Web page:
Halo 3 is coming, and Wired has a really fascinating article on some of the effort that went into making the game fun for a variety of types of gamers:

Sitting in an office chair and frowning slightly, Randy Pagulayan peers through a one-way mirror. The scene on the other side looks like the game room in a typical suburban house: There's a large flat-panel TV hooked up to an Xbox 360, and a 34-year-old woman is sprawled in a comfy chair, blasting away at huge Sasquatchian aliens. It's June, and the woman is among the luckier geeks on the planet. She's playing Halo 3, the latest sequel to one of the most innovative and beloved videogames of all time, months before its September 25 release.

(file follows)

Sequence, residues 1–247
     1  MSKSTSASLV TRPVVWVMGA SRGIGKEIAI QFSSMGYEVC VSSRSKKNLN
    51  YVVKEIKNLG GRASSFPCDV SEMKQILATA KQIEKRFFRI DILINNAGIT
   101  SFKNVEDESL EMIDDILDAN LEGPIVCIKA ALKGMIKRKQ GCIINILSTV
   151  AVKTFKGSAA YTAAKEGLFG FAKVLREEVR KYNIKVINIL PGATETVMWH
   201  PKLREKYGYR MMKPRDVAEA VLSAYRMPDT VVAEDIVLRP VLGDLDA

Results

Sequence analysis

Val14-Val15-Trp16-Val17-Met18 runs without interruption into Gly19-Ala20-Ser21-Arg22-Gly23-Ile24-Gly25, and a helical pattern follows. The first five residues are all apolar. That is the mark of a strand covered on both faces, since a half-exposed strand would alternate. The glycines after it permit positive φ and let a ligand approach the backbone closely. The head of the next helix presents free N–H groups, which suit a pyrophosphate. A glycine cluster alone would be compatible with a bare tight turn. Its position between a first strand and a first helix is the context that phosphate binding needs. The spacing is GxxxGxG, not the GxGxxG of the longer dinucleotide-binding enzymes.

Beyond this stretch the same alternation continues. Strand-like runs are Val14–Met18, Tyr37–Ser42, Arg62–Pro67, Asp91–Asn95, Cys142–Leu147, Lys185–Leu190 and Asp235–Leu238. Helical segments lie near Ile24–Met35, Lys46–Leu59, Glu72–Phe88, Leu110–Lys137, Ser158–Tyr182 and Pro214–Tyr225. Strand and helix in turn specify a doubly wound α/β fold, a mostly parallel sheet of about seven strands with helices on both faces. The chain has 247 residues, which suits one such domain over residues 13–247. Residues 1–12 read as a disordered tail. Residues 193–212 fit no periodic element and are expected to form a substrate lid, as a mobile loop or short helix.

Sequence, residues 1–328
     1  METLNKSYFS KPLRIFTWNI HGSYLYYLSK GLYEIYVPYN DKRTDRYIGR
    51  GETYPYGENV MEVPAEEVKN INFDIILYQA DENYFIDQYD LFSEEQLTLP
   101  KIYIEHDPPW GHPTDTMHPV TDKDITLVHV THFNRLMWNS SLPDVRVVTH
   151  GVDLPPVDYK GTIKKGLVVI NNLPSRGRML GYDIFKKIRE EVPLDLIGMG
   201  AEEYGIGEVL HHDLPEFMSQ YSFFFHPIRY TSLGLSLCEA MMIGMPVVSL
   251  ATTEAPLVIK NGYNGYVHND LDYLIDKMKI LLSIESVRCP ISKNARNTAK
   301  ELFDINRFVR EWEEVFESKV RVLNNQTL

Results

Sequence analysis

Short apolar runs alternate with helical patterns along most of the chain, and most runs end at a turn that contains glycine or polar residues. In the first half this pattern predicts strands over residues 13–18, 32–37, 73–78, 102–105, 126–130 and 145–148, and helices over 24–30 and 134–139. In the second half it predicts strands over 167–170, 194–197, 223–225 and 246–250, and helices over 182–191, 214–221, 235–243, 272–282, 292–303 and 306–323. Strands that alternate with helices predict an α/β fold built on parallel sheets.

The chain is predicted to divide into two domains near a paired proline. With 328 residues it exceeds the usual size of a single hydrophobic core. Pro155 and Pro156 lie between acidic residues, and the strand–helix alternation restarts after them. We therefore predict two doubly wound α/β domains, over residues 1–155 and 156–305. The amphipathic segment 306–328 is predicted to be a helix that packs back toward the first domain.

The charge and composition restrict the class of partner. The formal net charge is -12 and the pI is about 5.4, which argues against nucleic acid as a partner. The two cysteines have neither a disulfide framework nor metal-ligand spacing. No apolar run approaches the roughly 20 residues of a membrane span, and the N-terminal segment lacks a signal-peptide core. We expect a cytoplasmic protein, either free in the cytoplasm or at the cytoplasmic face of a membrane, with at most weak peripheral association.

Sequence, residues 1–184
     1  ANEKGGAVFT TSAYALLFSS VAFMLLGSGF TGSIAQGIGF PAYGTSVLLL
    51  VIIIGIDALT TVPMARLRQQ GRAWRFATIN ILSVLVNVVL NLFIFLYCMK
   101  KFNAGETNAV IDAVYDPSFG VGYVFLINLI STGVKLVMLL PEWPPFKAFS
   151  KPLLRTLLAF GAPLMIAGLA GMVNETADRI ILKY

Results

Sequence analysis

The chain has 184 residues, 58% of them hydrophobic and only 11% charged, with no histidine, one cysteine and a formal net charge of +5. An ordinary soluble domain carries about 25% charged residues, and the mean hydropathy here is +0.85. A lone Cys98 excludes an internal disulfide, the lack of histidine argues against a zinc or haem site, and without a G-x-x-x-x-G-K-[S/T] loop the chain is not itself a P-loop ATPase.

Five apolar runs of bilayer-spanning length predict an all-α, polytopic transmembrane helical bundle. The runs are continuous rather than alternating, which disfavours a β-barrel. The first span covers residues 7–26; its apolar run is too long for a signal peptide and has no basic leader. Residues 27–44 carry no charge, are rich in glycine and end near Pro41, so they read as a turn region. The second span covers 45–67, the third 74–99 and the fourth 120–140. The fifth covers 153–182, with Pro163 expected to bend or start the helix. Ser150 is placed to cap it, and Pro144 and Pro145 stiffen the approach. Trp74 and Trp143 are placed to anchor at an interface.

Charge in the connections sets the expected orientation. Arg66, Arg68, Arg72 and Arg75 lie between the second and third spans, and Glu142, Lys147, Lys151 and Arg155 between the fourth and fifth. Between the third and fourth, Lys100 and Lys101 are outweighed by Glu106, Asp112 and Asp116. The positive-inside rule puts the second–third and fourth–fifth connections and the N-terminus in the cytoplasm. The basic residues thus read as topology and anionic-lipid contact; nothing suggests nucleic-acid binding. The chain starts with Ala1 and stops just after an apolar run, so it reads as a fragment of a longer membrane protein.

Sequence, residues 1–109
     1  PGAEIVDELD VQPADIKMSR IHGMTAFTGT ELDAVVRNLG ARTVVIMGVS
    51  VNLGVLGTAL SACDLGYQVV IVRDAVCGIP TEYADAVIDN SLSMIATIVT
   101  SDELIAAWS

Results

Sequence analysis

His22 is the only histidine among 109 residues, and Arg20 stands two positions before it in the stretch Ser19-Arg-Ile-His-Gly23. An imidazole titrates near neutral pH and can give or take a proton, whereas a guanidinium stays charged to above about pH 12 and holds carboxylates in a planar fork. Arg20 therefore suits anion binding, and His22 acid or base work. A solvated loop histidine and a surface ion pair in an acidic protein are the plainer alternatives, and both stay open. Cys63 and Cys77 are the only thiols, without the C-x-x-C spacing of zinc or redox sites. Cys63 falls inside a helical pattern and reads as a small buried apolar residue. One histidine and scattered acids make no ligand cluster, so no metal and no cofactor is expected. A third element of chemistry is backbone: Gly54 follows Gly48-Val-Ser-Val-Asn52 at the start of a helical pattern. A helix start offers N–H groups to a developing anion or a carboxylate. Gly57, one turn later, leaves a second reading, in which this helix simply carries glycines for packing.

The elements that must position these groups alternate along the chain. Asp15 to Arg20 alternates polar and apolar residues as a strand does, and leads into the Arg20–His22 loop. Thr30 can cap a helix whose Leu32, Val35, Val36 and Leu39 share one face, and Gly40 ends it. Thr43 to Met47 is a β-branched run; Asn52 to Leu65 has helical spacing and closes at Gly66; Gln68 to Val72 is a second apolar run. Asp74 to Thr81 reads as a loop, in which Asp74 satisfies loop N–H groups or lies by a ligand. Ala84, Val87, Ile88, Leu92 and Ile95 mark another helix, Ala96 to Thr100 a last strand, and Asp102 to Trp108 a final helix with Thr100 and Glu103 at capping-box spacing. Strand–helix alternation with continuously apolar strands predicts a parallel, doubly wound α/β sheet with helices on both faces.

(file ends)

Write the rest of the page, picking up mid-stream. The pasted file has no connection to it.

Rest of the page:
Most interesting was the description of how the designers took a level where folks were consistently getting lost, and subtly changed the terrain to lead them through in the right direction to get through the level. Anyone who's played (or wandered aimlessly) through the jungle levels outside the library in the original Halo knows this isn't always the easiest thing to get right.

Halo 3: How Microsoft Labs Invented a New Science of Play